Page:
Being some 90 miles away from Wake Forest University’s sprawling main campus in Winston-Salem, the school’s new satellite campus in uptown Charlotte could seem like a distant star to the students who attend its adjunct MBA program, but foresight and imagination have brought the two campuses culturally and technologically closer.
One of the main challenges in technologically connecting the two campuses involved space constraints. The office building that housed the handful of rooms that would become the Charlotte campus had only a few closets for audiovisual equipment.
At the Stanford University School of Medicine’s new learning center, one system of capturing lectures does it all—from scheduling and recording an event to distribution of audio and video files.
“When you’re training future medical doctors, it’s important to ensure they have all the tools and resources to become the best physicians they can be,’’ says Trent Tanaka, Director of AV Technology at the school.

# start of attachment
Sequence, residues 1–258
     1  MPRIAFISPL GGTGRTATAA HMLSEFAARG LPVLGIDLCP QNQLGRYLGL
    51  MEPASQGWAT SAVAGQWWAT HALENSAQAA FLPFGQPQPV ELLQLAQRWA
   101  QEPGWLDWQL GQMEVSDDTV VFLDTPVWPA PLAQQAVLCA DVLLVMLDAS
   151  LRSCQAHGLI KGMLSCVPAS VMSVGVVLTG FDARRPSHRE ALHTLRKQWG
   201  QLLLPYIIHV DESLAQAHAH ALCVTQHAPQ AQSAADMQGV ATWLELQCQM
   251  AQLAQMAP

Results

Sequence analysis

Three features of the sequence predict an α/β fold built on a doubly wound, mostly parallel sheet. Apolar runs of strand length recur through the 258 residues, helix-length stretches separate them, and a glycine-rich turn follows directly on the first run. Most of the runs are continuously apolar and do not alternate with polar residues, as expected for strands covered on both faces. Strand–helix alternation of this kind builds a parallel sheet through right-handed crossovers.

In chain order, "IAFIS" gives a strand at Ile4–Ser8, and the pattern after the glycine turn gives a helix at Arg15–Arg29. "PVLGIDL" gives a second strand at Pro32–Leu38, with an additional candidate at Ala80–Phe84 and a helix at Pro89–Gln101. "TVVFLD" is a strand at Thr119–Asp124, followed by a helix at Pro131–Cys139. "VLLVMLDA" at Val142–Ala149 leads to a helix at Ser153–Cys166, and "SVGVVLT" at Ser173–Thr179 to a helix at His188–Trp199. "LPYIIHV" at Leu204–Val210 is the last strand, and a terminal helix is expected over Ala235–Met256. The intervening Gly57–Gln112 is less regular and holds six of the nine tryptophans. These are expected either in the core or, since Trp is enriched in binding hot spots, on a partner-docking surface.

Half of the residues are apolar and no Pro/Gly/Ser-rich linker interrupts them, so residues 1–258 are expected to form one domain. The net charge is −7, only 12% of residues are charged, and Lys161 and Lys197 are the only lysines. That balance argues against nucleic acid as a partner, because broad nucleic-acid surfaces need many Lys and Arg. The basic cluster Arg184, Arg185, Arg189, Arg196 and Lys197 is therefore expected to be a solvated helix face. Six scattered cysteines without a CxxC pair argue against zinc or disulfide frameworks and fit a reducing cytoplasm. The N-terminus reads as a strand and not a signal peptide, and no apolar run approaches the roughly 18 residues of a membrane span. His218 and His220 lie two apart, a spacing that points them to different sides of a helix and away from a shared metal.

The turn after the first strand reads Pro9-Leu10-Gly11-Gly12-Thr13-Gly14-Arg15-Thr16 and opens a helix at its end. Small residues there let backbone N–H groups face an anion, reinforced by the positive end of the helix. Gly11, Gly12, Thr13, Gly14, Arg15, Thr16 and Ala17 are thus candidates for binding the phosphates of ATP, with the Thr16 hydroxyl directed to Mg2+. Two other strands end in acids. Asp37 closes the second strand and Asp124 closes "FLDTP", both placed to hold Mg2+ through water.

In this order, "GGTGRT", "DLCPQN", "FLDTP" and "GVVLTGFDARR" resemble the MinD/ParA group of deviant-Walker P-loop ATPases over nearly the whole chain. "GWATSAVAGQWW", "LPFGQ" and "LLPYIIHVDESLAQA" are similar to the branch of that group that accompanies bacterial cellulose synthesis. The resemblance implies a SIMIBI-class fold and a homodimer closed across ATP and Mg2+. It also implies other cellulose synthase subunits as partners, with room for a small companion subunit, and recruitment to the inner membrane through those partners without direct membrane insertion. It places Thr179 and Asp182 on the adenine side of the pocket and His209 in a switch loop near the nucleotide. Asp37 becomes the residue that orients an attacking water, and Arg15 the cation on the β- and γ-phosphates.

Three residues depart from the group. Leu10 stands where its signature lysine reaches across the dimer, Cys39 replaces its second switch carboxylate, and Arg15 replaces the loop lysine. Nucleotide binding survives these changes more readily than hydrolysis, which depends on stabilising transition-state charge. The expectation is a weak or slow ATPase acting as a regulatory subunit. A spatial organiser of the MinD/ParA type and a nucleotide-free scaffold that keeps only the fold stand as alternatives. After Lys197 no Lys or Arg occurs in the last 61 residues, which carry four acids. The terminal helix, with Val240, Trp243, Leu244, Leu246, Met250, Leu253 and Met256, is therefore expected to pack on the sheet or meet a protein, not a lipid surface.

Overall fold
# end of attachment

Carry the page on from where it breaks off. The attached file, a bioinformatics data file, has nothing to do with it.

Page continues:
Students in the Net generation enter higher education with an expectation that cutting-edge technology will be a force in their academic experience, but its use comes with strict requirements at George Washington University, which in 2007 made a commitment to creating a more collaborative learning environment.
“Technology needs to advance learning and engage students,” says P.B. Garrett, associate provost and chief academic technology officer for the university.
The uses for AV technologies in higher ed aren’t limited to traditional classrooms. At the University of Florida’s new three-story, 100,000 square-foot veterinary teaching hospital, an integrated AV network is woven into the fabric of the building. In this University Business web seminar, originally presented on May 22, 2012, David John, safety and security supervisor at the College of Veterinary Medicine, discussed how the hospital is using its AV network to improve patient care as well as the learning experience for students.
AMX®, the leading provider of solutions that simplify the implementation, maintenance, and use of technology to create effective environments, announced the T models of Enova® DVX All-In-One Presentation Switchers have begun shipping.
This second of the three-part Connected Campus webinars features a case study from Texas Woman’s University, which used remote management and monitoring systems to achieve significant savings in equipment and energy costs, more efficiently manage staff time and improve the benefits of technology in classrooms and lecture halls.